CNN story on caregiver burnout

Discussion in 'Parenting News' started by TerryJ2, Aug 7, 2012.

  1. TerryJ2

    TerryJ2 Well-Known Member

  2. Marcie Mac

    Marcie Mac Just Plain Ole Tired

    Interesting article. When SO's mom moved in last year, it wasn't too stressful at first, but as her health started failing, and she had gotten to the point of being pretty much bed bound, it started taking a toll. I didn't think it was going to be too hard -after all I work from home so would be here to take care of her. We had not factored in that we would now have to lead a life of being on a schedule. Making three meals a day plus snacks twice a day, giving shots, giving out medications, being on the phone with clients when she needed a bed pan, not to mention two or three times a night with the bed pan, struggling to get her in and out of the shower. Because of my illness, and SO not being able to lift her to bring her out of the room, stress was slowly crept in. Because there was just he and I, our time out of the house together for any kind of one on one disappeared. We all have the same doctor, and he was the one who pushed to place her in a convalescent home - since she had a Mrsa infection he didn't want me to take a chance with my surgery, even though we gowned up, gloved up to take care of bathroom issues. SO ended up hurting his back really badly, and I ended up with a hernia just trying to move her to sit up or roll her on her side so she didnt get bed sores.

    The whole thing really freaked me out as sooner or later we will be in the same position. It would probably have been better if we had family members to help out.

    Marcie

    Her illness took a toll on her as well as she had always lived alone and done things for herself and wasn't a happy camper she was now so dependent-the longer it went on the more disagreeable she became. We didn't like the idea of placing her, but thought it would be better for her to be among people her own age - they have lots of activities and she does get out of her room to mingle but she still thinks she will be comming back home but neither one of us will be able to take care of her anymore.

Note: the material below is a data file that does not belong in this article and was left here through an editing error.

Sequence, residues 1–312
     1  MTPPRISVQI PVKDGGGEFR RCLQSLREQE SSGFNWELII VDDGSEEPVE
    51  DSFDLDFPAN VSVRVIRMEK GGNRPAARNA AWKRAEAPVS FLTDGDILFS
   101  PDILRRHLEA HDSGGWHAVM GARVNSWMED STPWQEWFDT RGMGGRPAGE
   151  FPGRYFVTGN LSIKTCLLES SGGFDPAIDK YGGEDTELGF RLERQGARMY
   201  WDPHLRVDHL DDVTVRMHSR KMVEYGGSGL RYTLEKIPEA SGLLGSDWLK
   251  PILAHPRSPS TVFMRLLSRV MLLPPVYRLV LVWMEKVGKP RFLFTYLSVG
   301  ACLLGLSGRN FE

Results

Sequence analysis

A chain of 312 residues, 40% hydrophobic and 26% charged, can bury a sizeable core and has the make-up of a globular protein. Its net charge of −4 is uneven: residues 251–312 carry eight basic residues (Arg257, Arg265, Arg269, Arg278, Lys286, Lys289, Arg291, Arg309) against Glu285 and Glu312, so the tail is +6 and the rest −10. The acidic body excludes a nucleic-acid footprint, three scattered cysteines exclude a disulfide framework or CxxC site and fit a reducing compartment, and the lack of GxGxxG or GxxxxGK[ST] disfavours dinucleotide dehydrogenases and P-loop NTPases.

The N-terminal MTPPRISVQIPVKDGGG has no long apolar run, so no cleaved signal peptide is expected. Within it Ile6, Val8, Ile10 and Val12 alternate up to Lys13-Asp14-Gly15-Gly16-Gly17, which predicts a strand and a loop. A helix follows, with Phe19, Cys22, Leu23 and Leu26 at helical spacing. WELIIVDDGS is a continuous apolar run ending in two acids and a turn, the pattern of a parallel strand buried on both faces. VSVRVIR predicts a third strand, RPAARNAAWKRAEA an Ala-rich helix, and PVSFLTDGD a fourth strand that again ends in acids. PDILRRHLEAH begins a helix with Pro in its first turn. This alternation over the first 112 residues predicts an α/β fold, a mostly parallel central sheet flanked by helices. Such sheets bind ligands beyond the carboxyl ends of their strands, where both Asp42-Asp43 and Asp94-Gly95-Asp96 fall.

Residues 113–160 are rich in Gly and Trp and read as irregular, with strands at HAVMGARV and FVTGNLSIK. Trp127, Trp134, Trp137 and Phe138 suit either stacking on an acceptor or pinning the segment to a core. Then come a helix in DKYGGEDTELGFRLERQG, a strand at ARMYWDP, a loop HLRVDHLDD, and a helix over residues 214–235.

3. TerryJ2

    TerryJ2 Well-Known Member

    I know, the hard part is that they all think they're coming back home ... so sad.

    I'm sorry about the MRSA but it seems to have cleared up, right? And your husband's back, all too typical, sad to say.

    Really, what gets to me is the sleep deprivation because of the medications and bathroom trips, and the constantness (is that a word?) of it all.
     
    Last edited: Aug 8, 2012
  4. That was an interesting article Terry, thank you for sharing it.

    I am not in that position right now. My inlaws do live in the apartment attached to our home but they are pretty independent. I go to dr.'s appts with them because they can't remember everything and I dish our fill's medications for him also but so far that's all I have to do.

    I sure hope they can continue to maintain their independence as long as possible. It's hard on them to realize they are starting to need help. I don't mind helping but I could certainly see how it could become difficult very quickly when you are on their schedule and tied to their needs, not to mention no time with your spouse.

    A difficult situation for both the caregiver and the receiver of that care.
     
  5. slsh

    slsh member since 1999

    Boy howdy. Yep. It didn't really start hitting me (that I noticed anyway) until Boo aged out of school. Nothing is simple anymore. There are no more "quick" trips to the store or ... anywhere. I had had dreams of working outside the home someday, or volunteering, or something, but realistically, that's just never going to happen. It's hard, and it's never going to end. husband is entering a phase of thinking "when we retire, we'll (insert ridiculous idea)" and it's ticking me off - tell me in what parallel universe it's going to be possible to travel on a plane or take a cruise with a quadriplegic kid/adult (on a blue-collar retirement, if we ever get there in the first place)? Is it going to be any more fun watching Boo for seizures in Paris or New York or on a ship deck??? I'm thinking not so much.